Answers in Genesis promotes miseducation in America
Image: Tom Toles/Washington Post
As AiG is currently attacking public science education (and, surprise, not because our science standards are ill preparing our students) I thought it would be appropriate to repost this article from the last time they tried to pull this nonsense. It's organizations like this that continue to ensure that our nation's understanding of evolution reaches a whopping 33rd out of 34 countries (just ahead of Turkey).
Ken Ham, founder of Answers in Genesis and creator of the Creation Museum, is currently promoting his new book by submitting sample chapters on his group's website. Entitled War of the Worldviews the book teaches Young-Earth biblical literalists strategies on how to argue against the evidence for evolution.
At the beginning of the chapter he chastises Christians for adopting “flaky evidence” to support their views.
Over the past several years, some so-called “evidence” for creation has been shown not to be reliable. Some of these areInitially I was impressed. Could Ham be urging his readers to seriously engage the scientific evidence in an effort to make reasoned arguments? Alas, this was not the case. His answer to the flaky evidence that creationists have long used is, rather, don’t use any evidence at all!
* supposed human and dinosaur footprints found together at the Paluxy River in Texas.
* the small accumulation of moon dust found by the Apollo astronauts.
* a boat-like structure in the Ararat region as evidence of Noah’s Ark.
* a supposed human handprint found in “dinosaur- age rock.”
* a dead “plesiosaur” caught near New Zealand.
Most well-meaning, informed creationists would agree in principle that things which are not carefully documented and researched should not be used. But in practice, many of them are very quick to accept the sorts of evidences mentioned here, without asking too many questions.
When someone says they want “proof” or “evidence,” not the Bible, one might respond as follows: “You might not believe the Bible, but I do. And I believe it gives me the right basis to understand this universe and correctly interpret the facts around me.”Let’s just apply that logic in another way, shall we? There are few scientists today who would argue that bats are actually birds rather than mammals. Pesky issues regarding bone structure and their nursing of infants make this a difficult theory to gain support for. But suppose all of the science isn’t in, the same way that all of the science isn’t in about continental drift (has anyone actually watched continents move?). Isn't there room for an alternative theory?
The Bible clearly states (Deuteronomy 14:11 & 14:18) that bats truly are birds, and they’re unclean birds at that. So by Ham's logic, this evidence deserves equal weight to that of the so-called experts. But as you’re answering a question on your zoology midterm that asks “Are bats birds?” (this is a very introductory level class) and you answer “Yes” I would encourage you NOT to attempt Ham’s suggested response to your science teacher after it's been marked wrong.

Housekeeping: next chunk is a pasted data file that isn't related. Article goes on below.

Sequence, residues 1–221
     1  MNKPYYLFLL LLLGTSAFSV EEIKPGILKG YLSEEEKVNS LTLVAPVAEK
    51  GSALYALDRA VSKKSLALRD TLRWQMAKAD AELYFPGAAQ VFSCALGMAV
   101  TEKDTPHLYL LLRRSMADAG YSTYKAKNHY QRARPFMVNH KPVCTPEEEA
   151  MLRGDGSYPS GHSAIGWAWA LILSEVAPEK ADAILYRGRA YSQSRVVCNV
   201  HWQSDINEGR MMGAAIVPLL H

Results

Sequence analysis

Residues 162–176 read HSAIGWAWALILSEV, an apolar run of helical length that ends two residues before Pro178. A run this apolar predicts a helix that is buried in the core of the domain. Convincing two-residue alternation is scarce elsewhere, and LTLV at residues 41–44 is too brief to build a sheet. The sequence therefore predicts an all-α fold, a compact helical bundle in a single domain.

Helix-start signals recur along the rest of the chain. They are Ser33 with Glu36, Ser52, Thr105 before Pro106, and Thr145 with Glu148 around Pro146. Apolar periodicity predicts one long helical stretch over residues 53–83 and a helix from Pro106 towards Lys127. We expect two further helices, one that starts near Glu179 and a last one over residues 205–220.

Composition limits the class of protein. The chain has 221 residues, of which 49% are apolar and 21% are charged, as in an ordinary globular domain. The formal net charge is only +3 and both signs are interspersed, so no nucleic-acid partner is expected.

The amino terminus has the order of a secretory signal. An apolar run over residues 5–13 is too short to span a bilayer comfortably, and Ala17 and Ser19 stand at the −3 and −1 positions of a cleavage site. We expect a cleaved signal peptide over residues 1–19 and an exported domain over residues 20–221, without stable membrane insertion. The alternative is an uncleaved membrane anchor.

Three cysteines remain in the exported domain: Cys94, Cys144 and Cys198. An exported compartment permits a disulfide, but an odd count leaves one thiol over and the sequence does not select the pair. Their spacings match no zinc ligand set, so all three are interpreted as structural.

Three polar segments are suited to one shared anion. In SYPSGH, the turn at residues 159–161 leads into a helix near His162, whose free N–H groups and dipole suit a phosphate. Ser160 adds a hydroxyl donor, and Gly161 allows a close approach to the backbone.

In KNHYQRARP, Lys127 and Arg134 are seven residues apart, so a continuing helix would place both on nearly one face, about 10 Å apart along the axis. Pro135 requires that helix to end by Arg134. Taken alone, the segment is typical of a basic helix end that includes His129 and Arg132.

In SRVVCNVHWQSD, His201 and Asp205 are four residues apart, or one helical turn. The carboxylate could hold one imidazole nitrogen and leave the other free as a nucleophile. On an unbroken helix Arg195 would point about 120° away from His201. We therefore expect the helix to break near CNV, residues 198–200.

Likewise, a solid majority of astronomers (perhaps a little more) accept the evidence that the Earth spins on its axis daily and orbits around the sun. However, the Bible does clearly state that “all the earth: the world also shall be stable, that it be not moved.” (1 Chronicles 16:30). In fact, there are several passages that lend credence to the potentially lucrative field of Christian Geocentric Science (see Job 9:6-7; Job 37:18; Psalm 19:4-6; Psalm 93:1; Ecclesiastes 1:5; you get the picture).
So when someone claims there is evidence for this so-called Heliocentric Theory (afterall, it is only a theory and it's not as though anyone can feel the Earth move) you can simply tell them,
“You might not believe the Bible, but I do. And I believe it gives me the right basis to understand this universe and correctly interpret the facts around me.”Is it legitimate to use such a response? Should the federal government force teachers to mention this competing theory in science classes? If your answer is yes, than you’ve probably purchased Ham’s book and added to his reported $125,000 yearly salary.
In a related note, as Ham is encouraging the Young-Earthers to back away from “flaky evidence” he might want to take his own advice. During a lecture criticizing the evidence for evolution last year Ham laid the following egg:
He pointed out cave drawings of a creature resembling a brachiosaur to make the case that man lived alongside dinosaurs after God created all the land animals on Day 6.Cave drawings are evidence? That's what that crank von Däniken tried to pull. This would simply be comic, except for one thing. They're not in on the joke and are teaching hundreds of thousands of children at home schools across the country this very rubbish. They're forming think-tanks, founding law schools and funding politicians and they will not listen to reason. They're being taught not to.